Saturday night the Islanders won their first shootout of the season, but that will never stop the parlor game of fretting about who should shoot in the post-OT coin-flip. As it turns out, thanks to Al Montoya's three saves on the Minnesota Wild, the Islanders only needed two shooters: John Tavares missed, Frans Nielsen converted, and Kyle Okposo was the unneeded on-deck batter for the bottom of the ninth, as it were.
Certain players excel (Nielsen), certain players struggle (Tavares has never seemed to find a high-percentage approach), and one player many fans will not want to see appears high on the list of career shoots via nhl.com. Full table of Islanders shooters is below, along with some Monday links:
I remember Rolston being one of the few to try -- and convert -- a straight-up slapshot in the shootout. Parenteau has his speed forehand move but is hardly a sure thing. Moulson, too, has shown himself to be able to convert a go-to forehand move but it's one that needs to be perfect to get through.
Okposo won a shootout in Montreal but is not one I'd normally choose; however, the shootout is such a crapshoot that going to KO in front of his parents in Minnesota was not a wrong move: If there is a point along the margins where "crapshoot" meets "good story" meets "focus and momentum," that's as good as any to try it. And Nino may yet be something; he missed his only attempt this season trying to make a bevy of moves, but he has some history in the event from his junior career.
It's interesting that Tavares is a better passer than he was hyped to be at the draft, and not quite the sniper that his reputation carried. His hands are magic, but are not lethal when in tight with the goaltender. I still think he has the capacity to make the right moves in the shootout, but whether he overthinks it or doesn't sell it, etc., he has work to do there.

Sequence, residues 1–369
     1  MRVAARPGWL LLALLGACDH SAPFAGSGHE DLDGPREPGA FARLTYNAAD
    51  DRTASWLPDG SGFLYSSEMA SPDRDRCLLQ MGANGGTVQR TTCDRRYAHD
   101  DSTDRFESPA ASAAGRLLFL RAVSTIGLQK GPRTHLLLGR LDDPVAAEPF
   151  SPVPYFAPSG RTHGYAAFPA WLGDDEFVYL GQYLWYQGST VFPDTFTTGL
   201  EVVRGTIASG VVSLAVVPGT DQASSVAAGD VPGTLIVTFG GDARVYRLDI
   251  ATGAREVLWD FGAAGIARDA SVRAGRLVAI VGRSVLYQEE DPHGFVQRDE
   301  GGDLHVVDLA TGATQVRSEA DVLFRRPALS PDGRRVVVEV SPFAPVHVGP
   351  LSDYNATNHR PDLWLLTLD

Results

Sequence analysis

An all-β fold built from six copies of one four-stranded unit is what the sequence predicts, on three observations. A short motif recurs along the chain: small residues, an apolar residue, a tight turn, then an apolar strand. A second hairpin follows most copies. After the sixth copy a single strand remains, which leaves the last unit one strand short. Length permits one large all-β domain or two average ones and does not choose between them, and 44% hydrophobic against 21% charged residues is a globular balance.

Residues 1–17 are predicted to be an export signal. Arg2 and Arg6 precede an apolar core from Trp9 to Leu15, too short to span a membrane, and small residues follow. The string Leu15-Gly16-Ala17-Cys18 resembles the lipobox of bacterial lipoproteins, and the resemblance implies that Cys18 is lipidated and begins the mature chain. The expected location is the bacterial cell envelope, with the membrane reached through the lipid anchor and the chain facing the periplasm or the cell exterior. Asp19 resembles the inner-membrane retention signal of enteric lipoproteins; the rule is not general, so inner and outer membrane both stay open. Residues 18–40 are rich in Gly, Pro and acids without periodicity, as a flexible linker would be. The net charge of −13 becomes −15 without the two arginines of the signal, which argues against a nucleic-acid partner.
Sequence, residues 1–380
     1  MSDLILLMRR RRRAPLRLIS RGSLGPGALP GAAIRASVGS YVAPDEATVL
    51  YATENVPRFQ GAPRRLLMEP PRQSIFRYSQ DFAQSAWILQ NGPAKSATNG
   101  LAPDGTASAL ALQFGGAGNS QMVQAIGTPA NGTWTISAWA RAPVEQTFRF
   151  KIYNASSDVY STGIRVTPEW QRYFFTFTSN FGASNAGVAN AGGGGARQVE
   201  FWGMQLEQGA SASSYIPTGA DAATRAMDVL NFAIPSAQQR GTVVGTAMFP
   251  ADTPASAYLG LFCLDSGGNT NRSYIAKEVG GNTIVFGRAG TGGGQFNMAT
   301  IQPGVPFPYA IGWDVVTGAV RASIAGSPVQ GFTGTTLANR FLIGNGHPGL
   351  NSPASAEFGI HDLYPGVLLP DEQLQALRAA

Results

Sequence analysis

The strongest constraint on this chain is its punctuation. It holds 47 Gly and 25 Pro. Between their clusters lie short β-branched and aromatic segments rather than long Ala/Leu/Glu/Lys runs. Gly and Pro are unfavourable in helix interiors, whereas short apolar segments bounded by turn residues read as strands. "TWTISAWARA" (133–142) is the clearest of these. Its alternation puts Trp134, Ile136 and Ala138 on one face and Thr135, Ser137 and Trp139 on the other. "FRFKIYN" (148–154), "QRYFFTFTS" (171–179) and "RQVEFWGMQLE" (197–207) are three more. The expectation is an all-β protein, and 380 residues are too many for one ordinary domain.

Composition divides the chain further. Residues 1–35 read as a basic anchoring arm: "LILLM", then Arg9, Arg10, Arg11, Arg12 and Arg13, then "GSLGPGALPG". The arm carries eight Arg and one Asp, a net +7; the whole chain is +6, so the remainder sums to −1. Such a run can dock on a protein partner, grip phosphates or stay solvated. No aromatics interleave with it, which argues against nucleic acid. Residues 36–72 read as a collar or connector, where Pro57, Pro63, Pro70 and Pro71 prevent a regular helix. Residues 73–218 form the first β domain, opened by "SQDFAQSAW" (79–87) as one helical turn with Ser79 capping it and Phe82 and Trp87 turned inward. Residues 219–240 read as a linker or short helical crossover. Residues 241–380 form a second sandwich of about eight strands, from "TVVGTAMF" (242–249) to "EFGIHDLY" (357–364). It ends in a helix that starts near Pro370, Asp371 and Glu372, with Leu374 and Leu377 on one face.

I know as a fan I pontificate too much against the shootout -- I apologize to the regulars and to the shootout fans -- but it's moments like Patrick Kane the other night that I've always feared about this event. The penalty shot and the implied (but rarely watched) five-second clock always made this more like a clear-cut breakaway. But now the shootout has gradually turned both the post-game breakaway drill and the regular penalty shot into more of a practice trick contest. It's so divorced from gameplay (here I go pontificating again) that rather than make "the most exciting play in hockey" happen more often, I feel like it's neutered "the most exciting play in hockey."
Anyway, the Islanders are sure to end up in more shootouts this year. They need to try to find another go-to guy. What are your proposals there? What advice would you give Tavares or anyone else? And what happened to Brendan Witt?
Islanders, Ex-Islanders & Hockey Links
"...six-game losing streak. It’s incredible to look over the lists and realize that, of the eight longest winless streaks in team history, four of them happened in this calendar year. Brent Thompson said the break couldn’t come at a better time."
He had more in the ConnPost gamer here.
Newsday talked to Kyle Okposo about playing with confidence after his scratch spell a month ago.
Tuesday's opponent welcomed Teemu back to Winnipeg over the weekend. Pretty cool.
Another tough night for D James Wisniewski. He was minus-3 with no shots on goal, and he appeared to get shaken up on a collision with Oshie late in the second period.
Wiz is a team high -- er, low -- minus-17 despite missing the first eight games via suspension.
He Who Shall Not Be Named: Mike Milbury denies assault on child, claims son was bullied - The Boston Globe
He Who Once Won, Then Sent His Son: Steve Tambellini Expects The Oilers To Make The Playoffs, Should He? - The Copper & Blue
Replacement Coach Standings: With all the coaching firings this year, I decided to start tracking how teams are doing after the change. [SB Nation NHL hub]
Your injury of the night: Video: Rene Bourque’s hit from behind injures Brent Seabrook - Puck Daddy
The Avalanche situation -- low payroll, long rebuild, antsy fans -- sounds familiar, although they have a nice building and such. They also have an owner who says this: "I don't want to say it so bluntly that it offends the fans. But they got spoiled the first few years the Avalanche were in town." Nice.
Finally, this was a fantastic read about a famous Montreal columnist who appears to have a major grudge against Theo Fleury.
R.I.P., Vaclav Havel. Seems these characters most often appear in books. But Havel was real.